Despite the Bourbons’ attempt to limit their power, nobility still wielded significant influence in court. Étienne de Silhouette, a General in France, suggested taxing luxury items, but he was removed from office.
The debt continued to pile on, and the Third Estate paid the price for it.
Rise In The Cost Of Bread
Today, France is known for its rich history of revolting and protesting against inequality. A single product can shake the nation. A few years ago, people in France had massive protests because of the higher price of oil.
Back in the day, the rise in the cost of bread alerted French citizens. Poor harvest caused the price of flour to increase dramatically, raising the price of bread as a result.
Because bread was the staple food for a large number of French citizens, it resulted in resentment towards the monarch. Louis XVI tried deregulation of the grain market, but it only resulted in a higher price of bread.
Louis XV and Louis XVI
There is a simple cause of the French revolution. Bad leadership. The two monarchs ruled on the basis of the divine right of kings. They did not answer to their subjects. They considered the country an absolute monarchy.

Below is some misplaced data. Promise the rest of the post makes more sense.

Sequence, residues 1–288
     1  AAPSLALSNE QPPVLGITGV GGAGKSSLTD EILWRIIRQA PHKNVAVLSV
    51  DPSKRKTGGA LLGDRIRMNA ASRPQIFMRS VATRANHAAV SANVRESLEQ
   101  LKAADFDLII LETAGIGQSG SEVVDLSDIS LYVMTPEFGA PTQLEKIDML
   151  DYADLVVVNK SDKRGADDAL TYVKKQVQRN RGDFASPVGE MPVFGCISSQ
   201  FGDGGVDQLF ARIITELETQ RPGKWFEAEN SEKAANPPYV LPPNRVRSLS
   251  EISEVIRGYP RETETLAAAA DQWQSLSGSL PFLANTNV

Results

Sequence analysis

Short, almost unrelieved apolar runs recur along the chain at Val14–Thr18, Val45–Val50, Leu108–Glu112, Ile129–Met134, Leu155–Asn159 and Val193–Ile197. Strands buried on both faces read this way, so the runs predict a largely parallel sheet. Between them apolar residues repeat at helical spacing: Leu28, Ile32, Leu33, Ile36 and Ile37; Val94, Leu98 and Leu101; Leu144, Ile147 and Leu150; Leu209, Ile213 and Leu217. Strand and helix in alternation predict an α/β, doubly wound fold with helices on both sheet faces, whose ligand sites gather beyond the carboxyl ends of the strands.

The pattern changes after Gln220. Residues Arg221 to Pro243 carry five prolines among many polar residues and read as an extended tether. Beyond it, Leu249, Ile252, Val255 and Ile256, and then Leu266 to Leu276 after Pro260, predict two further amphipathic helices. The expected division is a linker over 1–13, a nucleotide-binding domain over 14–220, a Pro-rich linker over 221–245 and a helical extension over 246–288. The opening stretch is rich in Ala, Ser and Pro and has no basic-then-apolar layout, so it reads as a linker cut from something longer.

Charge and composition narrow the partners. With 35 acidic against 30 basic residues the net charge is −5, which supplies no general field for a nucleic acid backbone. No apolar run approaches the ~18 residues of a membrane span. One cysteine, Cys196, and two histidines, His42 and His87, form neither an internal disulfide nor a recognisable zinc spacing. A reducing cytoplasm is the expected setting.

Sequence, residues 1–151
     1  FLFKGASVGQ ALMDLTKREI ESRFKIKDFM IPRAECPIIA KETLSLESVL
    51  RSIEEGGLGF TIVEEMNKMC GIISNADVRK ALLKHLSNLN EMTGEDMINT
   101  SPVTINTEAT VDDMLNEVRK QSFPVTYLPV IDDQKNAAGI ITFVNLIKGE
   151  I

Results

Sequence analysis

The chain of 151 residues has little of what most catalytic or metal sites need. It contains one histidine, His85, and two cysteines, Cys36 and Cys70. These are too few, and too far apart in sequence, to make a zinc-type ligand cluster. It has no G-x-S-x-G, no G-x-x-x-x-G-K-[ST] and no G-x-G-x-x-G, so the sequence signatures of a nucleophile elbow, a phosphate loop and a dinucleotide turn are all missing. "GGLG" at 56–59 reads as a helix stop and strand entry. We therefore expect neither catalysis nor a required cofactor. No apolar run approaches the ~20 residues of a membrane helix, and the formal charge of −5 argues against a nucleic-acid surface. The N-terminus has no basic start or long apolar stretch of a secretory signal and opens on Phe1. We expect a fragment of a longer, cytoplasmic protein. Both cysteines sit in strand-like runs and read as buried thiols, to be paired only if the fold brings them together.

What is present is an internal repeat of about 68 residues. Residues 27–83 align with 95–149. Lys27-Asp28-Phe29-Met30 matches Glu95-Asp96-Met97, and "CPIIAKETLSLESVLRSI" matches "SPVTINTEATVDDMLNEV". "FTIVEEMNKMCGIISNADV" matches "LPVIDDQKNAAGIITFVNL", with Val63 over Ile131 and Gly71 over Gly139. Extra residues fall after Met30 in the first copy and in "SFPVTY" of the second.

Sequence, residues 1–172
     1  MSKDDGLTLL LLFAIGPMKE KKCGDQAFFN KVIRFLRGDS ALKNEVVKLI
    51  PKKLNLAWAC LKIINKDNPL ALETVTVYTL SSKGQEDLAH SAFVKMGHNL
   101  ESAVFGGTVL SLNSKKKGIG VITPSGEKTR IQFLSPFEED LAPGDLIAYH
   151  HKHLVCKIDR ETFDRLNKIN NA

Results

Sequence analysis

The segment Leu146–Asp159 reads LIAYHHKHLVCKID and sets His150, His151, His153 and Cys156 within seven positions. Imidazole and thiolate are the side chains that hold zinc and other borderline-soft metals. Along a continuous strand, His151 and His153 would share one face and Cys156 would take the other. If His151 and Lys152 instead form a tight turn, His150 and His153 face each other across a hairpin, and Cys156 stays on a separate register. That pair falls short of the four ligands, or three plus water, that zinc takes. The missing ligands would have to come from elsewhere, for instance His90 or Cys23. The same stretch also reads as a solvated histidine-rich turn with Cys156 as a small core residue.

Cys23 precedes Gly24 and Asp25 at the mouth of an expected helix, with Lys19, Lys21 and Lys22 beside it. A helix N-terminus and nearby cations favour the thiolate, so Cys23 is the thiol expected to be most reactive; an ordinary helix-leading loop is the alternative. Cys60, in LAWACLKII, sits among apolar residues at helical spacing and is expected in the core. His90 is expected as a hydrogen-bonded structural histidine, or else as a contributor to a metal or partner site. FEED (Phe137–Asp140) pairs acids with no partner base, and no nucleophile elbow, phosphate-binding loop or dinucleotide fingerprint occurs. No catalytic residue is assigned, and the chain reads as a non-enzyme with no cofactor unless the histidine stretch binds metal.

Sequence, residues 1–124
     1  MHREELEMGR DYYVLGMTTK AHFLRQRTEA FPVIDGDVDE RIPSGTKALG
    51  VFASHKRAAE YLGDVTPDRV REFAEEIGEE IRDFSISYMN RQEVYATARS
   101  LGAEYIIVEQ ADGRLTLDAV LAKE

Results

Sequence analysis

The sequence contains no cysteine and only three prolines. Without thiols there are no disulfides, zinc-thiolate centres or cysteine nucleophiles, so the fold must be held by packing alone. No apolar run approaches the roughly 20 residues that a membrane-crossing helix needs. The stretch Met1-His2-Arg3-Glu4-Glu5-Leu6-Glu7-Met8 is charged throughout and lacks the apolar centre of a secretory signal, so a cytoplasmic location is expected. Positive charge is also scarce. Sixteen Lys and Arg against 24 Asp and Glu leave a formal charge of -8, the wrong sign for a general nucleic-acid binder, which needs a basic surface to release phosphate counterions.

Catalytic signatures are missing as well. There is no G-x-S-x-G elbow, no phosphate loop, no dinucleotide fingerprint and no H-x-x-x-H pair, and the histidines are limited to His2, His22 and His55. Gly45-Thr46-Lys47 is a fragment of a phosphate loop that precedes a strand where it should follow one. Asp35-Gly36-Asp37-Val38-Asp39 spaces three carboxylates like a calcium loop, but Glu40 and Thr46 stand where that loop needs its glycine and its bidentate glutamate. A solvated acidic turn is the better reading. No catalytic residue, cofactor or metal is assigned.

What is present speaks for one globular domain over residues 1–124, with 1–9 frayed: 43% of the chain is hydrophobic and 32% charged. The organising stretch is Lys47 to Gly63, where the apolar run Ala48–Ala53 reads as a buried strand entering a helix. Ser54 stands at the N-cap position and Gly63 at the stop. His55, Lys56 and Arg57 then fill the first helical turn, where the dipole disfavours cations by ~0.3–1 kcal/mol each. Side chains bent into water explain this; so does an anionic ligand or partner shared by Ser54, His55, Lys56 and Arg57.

But philosophies of the Enlightenment made the public think differently. Neither Louis XV nor his grandson could lead the country out of its misery.
Not to mention their extravagant lifestyle. They were accustomed to luxuries. Fun fact: nowadays, French people are proud of their Palace of Versailles. But throughout the 17th and 18th centuries, the construction and remodeling of the palace incurred a huge cost to the country, paid mainly by the Third Estate.
People in France were dissatisfied with its leaders, believing they “wasted” money while they were suffering because of the poor economic state of the nation.
Parliament Opposing Tax Reforms
French ministers, including Anne Robert Jacques Turgot and Jacques Necker, proposed revisions to the tax system. They wanted to include the nobles as taxpayers to reduce the financial crisis and lessen the burden and anger of the poor.
Those reforms would have made the tax system more just. Sadly, the parliament opposed the reform and prevent the nobility from paying taxes.
Tennis Court Oath
The public debate over the voting process had erupted into hostility between the three orders. On June 17, the Third Estate met alone and formally adopted the title of National Assembly. Three days later, they met in an indoor tennis court.
There, they took the so-called Tennis Court Oath. They vowed not to disperse until constitutional reform had been achieved.